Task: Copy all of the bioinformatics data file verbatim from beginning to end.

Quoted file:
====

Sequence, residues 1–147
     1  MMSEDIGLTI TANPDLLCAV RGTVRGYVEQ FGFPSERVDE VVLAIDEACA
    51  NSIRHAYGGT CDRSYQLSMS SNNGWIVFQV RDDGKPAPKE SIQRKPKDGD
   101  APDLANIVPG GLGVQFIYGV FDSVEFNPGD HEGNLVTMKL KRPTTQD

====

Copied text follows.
Sequence, residues 1–147
     1  MMSEDIGLTI TANPDLLCAV RGTVRGYVEQ FGFPSERVDE VVLAIDEACA
    51  NSIRHAYGGT CDRSYQLSMS SNNGWIVFQV RDDGKPAPKE SIQRKPKDGD
   101  APDLANIVPG GLGVQFIYGV FDSVEFNPGD HEGNLVTMKL KRPTTQD